When he was 11-years-old, Mark Selvidge was sitting in the back of the car his mother was driving on a stretch of highway in Alberta, when their vehicle crashed head-on into a flatbed truck that was parked partially in their lane.
His eight-year-old sister Nicole died in the crash and he was in a coma for three weeks before regaining consciousness.
That was 18 years ago.
"I had to relearn everything — like an infant," Selvidge recently recalled to The Chief. "The doctor said, 'He probably won't be able to walk or talk again,' — look at me now."
Selvidge, 29, remains partially paralyzed on his right side and has impaired vision.
He currently lives in Nova Scotia but visits Squamish regularly to see his cousin, Clancy Peterson, who is a local stunt performer, personal trainer, and custom bike builder.
Peterson, 34, is like a big brother more than a cousin, Selvidge said.
The pair is collaborating on a children's book to raise awareness about traumatic brain injury.
Selvidge wrote "My Jelly Brain," with his therapist, Betty-Ann Buott.
The book explains what it is like to have a brain injury and about the importance of protecting the head by wearing a helmet.
He is going to send it to elementary schools once it is done.
Selvidge has already toured schools in his community to talk about the issue.
"I did a melon drop experiment where I drop two melons — one with a helmet, one without," Selvidge recalled. "Then I cut each melon open and showed them."
He is motivated to better himself and educate others.
Approximately 1.5 million Canadians live with the effects of a brain injury and brain injury is a leading cause of death and disability for those under the age of 40, according to Brain Injury Canada.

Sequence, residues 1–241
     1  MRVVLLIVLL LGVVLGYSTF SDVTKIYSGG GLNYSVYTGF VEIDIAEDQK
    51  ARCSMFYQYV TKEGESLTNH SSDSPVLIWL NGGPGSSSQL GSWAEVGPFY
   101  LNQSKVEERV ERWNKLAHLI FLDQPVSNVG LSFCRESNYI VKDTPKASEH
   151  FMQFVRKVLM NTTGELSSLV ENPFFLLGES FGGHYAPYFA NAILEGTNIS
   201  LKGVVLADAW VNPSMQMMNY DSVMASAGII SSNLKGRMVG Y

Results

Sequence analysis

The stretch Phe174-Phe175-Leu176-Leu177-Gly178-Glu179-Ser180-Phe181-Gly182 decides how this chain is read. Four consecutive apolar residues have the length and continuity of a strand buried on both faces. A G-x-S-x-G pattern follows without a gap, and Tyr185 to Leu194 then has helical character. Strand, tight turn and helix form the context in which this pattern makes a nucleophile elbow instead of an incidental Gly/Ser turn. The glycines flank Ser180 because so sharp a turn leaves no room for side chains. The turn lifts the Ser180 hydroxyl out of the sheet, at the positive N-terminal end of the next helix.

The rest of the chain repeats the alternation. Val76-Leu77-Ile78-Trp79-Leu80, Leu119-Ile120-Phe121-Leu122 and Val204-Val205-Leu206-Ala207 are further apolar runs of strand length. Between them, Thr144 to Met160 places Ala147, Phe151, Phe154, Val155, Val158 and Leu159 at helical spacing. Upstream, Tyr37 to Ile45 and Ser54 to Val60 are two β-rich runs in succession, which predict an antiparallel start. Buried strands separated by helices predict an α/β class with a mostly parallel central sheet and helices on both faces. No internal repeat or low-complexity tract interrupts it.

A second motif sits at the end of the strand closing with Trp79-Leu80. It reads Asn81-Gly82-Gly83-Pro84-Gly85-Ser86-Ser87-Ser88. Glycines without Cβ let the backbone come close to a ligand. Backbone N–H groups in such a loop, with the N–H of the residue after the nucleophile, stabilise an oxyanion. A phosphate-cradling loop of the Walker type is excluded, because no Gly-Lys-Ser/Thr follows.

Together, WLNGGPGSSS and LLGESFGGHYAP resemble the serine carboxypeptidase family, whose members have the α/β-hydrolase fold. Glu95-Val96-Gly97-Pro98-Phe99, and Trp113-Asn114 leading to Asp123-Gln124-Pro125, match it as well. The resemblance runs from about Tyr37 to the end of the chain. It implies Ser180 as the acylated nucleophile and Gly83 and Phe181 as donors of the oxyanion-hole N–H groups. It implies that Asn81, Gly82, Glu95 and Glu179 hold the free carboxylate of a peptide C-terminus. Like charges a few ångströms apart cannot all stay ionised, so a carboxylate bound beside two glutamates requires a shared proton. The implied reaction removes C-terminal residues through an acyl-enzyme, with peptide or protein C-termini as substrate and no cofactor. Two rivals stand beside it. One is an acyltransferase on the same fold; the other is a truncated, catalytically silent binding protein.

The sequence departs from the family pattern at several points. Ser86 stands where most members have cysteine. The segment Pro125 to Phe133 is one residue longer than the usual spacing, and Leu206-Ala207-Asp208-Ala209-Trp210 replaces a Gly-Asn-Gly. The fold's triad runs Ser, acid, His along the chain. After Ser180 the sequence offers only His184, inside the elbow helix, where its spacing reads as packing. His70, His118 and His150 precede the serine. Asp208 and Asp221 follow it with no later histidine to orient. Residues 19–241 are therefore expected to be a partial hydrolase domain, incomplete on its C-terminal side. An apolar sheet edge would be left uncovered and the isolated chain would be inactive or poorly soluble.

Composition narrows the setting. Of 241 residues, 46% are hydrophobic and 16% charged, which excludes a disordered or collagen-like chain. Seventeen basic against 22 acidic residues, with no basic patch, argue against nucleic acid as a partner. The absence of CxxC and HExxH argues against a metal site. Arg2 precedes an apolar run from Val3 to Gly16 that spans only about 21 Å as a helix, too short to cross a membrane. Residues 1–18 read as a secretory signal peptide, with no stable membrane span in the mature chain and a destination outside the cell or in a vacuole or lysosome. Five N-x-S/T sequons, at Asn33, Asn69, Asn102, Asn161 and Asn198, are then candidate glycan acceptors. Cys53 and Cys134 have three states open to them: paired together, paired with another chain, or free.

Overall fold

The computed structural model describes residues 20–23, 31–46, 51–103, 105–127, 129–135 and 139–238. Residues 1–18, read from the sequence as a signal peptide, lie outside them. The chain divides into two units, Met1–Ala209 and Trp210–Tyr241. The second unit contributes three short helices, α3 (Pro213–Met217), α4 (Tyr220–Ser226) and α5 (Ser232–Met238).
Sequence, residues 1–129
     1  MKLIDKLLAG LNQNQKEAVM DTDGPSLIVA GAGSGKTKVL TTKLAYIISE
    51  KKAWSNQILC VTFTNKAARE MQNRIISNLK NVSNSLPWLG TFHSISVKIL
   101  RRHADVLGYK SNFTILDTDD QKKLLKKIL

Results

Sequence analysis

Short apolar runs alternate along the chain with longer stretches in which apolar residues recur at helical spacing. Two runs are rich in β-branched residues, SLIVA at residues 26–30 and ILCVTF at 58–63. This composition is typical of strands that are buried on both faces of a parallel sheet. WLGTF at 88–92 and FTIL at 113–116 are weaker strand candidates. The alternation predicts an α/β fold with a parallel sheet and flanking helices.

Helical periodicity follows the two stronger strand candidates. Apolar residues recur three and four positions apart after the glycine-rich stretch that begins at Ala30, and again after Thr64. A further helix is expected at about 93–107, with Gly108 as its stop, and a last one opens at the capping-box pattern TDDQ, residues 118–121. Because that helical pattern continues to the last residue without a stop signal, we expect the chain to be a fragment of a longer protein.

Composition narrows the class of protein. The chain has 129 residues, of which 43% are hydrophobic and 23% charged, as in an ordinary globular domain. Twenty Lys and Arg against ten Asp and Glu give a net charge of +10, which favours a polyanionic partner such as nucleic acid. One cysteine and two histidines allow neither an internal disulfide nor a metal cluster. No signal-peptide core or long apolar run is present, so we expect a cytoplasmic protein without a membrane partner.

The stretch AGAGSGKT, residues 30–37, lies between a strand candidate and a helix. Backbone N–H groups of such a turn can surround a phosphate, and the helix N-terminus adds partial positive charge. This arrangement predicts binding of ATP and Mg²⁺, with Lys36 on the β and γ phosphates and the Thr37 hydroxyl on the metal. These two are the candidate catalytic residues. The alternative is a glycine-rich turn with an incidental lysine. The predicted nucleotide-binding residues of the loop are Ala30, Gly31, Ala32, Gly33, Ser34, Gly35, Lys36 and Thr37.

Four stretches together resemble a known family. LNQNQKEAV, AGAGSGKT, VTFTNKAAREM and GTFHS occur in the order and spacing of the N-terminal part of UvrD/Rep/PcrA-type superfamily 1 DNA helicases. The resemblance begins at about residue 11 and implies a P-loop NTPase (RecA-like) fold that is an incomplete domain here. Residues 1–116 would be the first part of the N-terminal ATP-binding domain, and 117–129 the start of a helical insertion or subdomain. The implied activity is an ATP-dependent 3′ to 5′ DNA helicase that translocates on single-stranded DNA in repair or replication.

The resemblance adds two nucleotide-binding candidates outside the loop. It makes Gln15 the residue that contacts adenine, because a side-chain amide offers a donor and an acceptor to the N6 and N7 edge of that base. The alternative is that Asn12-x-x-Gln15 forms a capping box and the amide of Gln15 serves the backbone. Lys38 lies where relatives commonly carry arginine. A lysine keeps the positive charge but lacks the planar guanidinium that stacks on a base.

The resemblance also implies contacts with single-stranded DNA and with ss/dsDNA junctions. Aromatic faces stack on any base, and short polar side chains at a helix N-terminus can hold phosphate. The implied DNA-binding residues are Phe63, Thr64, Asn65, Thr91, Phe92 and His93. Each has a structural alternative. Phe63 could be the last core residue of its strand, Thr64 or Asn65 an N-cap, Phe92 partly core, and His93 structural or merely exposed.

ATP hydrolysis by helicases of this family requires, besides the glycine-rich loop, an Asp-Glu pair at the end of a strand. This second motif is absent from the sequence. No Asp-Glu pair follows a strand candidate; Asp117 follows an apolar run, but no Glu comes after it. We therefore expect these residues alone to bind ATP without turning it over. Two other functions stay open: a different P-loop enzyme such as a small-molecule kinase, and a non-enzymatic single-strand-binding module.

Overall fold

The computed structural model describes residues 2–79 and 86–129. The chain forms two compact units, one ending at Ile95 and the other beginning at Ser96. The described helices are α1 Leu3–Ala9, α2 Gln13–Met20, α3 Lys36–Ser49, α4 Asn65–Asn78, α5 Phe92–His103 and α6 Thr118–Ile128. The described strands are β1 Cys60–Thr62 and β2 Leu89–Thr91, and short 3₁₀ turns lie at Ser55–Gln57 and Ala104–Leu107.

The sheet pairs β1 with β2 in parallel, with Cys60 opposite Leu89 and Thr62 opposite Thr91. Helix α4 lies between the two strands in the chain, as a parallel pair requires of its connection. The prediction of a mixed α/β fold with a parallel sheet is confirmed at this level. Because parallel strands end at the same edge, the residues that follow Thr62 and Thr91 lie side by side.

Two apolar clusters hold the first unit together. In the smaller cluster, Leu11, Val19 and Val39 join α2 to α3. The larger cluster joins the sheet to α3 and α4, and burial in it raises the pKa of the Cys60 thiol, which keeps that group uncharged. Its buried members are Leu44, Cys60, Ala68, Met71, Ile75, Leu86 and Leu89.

Almost 25 per cent of people who survive catastrophic brain injuries will never leave their homes afterward, according to Brain Line, a brain injury awareness project.
"The biggest thing people don't understand... is that we have feelings too, and our feelings are the exact same as yours. We may not have the [same] outward appearance, but we still have the same freaking feelings," Selvidge said.
Squamish's Peterson, who is also a cartoonist, said he would finish illustrating the book in the next few months.
He recalled to The Chief how he and his family travelled from Australia, where he grew up, to Canada after Selvidge's accident.
"They really didn't think he was going to make it," Peterson said. "They had us go in and see him. They didn't necessarily say he wasn't going to make it, but they felt it necessary that everyone go in and see him."
The pair, though separated by distance, has remained close ever since, Peterson said, noting his cousin is "fiercely independent" despite his challenges.
"He's always looking to do something to help and anything I can do to help him on that path is going to be beneficial to the cause," Peterson said of illustrating the book.
Selvidge and Peterson also worked with stunt performer Kevin Fortin on an awareness video to tell Selvidge's story and raise awareness.
They hope to pitch the video as an educational piece for Brain Injury Canada.
Selvidge also has dreams of being on The Ellen Show or talking to Oprah about the cause.
"He's hugely ambitious," Peterson said.
Consequences of traumatic brain injury
*Long after the brain injury, the survivor may still feel mental and physical effects, or new symptoms may develop.
*Headaches are especially common after a brain injury, even months later. You may find that your headaches evolve into chronic pain, which can make even the lightest activities difficult.
*Brain injuries can affect how well you can concentrate.
*Injuries can also impact emotions, memory and sleep.
*Children with traumatic brain injuries may experience developmental problems.
If someone you know has a traumatic brain injury
*Help and support the survivor to have good health habits, such as being active, eating healthy foods, getting enough sleep, and limiting alcohol.
*Help the person take it one day at a time, setting small goals on the way to getting better.
A video Selvidge made to gain the attention of Ellen DeGeneres.